A New Zealand biotechnology firm says a capital injection from the United States will allow the company to move on to the next stage of trials of a potentially life-changing multiple sclerosis drug.

Auckland-based CuroNZ has received US$540,000 ($650,000) from the National Multiple Sclerosis Society in the US, which will fund pre-clinical studies on the use of Neural Regeneration Peptides (NRPs) to treat the central nervous disorder that affects 2.5 million sufferers worldwide.

The company was founded in 2009 by scientist Frank Sieg, who began working on the development of NRPs in Germany well over a decade ago.

Sieg said naturally occurring NRPs were the main driver of changes in brain matter.


High doses of synthetically produced NRPs had been shown to repair damage caused to the brain by MS and had the potential to completely halt the progression of the illness, he said.

CuroNZ's executive chairman, Aki von Roy, said the funding was a big vote of confidence in the drug's potential as the society didn't invest in "simple concepts".

"They invest in potential products that will help or may help MS sufferers on a global scale," von Roy said, adding that the company may get another US$540,000 from the society if "all goes well" in the pre-clinical trials.

Sieg said mice and dogs would be used in the pre-clinical study, before the company moved on in the latter part of next year to Phase I clinical trials with humans, that would assess the safety of NRPs.

Further trials would be required to prove the efficacy of the drug in the treatment of MS.

Von Roy said the treatment would require US Food and Drug Administration approval. It would be at least 2020 before it could hit the market.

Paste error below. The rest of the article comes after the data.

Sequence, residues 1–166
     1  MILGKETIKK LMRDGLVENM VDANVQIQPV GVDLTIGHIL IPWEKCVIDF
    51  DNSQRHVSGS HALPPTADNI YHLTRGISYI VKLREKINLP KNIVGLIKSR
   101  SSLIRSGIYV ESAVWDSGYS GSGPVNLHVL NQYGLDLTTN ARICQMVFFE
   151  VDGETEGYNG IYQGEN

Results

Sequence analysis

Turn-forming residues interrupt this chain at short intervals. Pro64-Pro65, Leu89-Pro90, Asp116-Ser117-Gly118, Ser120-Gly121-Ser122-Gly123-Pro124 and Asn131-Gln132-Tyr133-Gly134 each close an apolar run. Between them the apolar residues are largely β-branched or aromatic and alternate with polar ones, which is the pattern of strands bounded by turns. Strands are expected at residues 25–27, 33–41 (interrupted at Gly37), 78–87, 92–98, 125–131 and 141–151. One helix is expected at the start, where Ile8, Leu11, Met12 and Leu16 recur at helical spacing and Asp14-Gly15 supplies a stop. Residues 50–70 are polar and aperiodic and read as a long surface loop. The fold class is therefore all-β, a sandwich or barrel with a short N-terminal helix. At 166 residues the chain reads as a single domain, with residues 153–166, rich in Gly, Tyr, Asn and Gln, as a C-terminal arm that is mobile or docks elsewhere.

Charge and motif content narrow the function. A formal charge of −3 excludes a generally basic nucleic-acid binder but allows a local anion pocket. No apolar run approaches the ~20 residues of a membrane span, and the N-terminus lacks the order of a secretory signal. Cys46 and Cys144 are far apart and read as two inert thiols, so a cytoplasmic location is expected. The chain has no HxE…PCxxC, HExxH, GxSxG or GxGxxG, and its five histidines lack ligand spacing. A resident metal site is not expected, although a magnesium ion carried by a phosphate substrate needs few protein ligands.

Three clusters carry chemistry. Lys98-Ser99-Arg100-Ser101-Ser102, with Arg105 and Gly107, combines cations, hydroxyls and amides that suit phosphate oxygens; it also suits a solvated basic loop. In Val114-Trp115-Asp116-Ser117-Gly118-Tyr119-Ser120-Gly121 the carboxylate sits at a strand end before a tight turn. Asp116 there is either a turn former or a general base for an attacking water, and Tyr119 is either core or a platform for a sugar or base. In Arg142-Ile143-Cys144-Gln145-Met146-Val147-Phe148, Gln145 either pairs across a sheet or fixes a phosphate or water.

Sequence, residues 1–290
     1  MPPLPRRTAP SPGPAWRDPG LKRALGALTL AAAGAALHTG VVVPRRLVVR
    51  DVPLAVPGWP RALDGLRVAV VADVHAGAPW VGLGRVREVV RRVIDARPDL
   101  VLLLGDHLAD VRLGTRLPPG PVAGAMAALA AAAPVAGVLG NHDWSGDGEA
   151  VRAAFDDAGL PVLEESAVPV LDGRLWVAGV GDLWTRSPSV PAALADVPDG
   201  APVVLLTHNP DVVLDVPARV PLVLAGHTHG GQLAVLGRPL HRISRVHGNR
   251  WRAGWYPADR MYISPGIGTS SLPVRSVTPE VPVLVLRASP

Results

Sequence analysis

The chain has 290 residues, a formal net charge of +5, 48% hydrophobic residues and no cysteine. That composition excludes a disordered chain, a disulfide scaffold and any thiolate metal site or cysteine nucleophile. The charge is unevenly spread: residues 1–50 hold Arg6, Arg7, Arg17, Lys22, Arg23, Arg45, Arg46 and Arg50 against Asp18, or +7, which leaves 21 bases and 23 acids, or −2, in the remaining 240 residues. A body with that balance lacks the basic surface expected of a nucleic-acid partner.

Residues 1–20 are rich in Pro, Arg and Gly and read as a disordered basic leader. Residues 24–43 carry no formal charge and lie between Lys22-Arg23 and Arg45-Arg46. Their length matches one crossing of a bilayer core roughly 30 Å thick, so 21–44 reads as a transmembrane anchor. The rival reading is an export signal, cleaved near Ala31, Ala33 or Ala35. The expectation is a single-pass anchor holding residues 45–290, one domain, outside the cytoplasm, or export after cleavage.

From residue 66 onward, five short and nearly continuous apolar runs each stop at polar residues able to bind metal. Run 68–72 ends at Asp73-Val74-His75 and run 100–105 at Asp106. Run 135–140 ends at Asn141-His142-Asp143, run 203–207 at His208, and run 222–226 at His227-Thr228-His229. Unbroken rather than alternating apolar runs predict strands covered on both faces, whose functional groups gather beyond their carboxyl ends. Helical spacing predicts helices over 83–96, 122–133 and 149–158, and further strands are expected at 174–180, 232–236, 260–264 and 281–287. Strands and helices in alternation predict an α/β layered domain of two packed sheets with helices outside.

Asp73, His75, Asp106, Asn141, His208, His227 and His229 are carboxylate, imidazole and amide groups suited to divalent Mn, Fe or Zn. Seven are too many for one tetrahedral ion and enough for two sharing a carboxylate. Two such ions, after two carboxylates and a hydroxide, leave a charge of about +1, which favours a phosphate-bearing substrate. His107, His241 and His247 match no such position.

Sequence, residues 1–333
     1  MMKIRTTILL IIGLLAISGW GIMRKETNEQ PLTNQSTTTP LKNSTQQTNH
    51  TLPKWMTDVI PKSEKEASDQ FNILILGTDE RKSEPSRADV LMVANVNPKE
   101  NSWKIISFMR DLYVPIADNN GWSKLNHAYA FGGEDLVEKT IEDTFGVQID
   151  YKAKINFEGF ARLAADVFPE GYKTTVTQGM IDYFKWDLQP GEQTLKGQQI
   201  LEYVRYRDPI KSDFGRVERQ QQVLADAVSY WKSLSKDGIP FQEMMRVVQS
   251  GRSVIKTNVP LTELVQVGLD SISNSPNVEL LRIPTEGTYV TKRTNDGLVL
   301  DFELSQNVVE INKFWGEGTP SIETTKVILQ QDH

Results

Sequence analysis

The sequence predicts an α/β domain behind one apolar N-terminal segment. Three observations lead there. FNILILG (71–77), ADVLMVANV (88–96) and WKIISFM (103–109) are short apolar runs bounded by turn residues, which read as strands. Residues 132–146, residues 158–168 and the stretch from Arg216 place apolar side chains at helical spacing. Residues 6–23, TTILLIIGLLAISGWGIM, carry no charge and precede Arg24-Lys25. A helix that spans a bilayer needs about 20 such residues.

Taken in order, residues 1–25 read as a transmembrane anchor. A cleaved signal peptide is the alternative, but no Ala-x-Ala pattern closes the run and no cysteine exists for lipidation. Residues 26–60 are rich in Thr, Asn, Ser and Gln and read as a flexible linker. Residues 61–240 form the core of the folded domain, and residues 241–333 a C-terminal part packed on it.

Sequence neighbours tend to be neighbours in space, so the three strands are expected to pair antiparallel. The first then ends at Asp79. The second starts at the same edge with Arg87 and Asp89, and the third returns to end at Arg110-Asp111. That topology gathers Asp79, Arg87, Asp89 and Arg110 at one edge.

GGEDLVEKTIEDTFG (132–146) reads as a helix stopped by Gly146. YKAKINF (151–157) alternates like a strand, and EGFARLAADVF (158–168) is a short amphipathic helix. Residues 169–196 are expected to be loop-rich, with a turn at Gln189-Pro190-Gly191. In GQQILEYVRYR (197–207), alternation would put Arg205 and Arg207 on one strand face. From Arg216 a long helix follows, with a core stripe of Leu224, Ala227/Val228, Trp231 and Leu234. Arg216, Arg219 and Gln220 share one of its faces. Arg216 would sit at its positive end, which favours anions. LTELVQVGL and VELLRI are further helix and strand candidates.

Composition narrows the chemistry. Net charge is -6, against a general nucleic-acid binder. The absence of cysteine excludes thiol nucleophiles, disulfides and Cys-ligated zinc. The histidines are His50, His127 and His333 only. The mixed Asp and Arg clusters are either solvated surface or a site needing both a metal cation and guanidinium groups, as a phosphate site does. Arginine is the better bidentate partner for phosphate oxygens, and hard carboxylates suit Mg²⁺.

The global MS market was worth about US$15 billion annually but only 45 per cent of patients were currently treatable, as there was no treatment available for progressive MS, he said.

"Fifty-five per cent of patients are untreatable - that's the patient population we're targeting."


Von Roy said there was potential for NRPs to be used to treat other diseases, including Parkinson's, as well as victims of strokes and spinal injuries.

MS - causes unknown and no cure

Northland woman Donna Rogers said she woke up one morning with numbness and tingling on one side from her head to her toes and thought she was having a heart attack.

An MRI scan revealed what Rogers thought looked like "marshmallow'' syndrome - white puffy clusters around the brain.

It was multiple sclerosis, a disease of the central nervous system of unknown causes, no cure and a huge variety of symptoms.

" depends on what part of the central nervous system that MS is attacking - you just don't know,'' said Rogers, president of the Northland Multiple Sclerosis Society.

For her, the symptoms have continued along the same lines as those experienced that morning in May 2007.

"If you can imagine having a really hot spa and then jumping into a really cold pool. It's like that - pins and needles in my head and down my body - and it normally hits me quite hard.''

- APN News & Media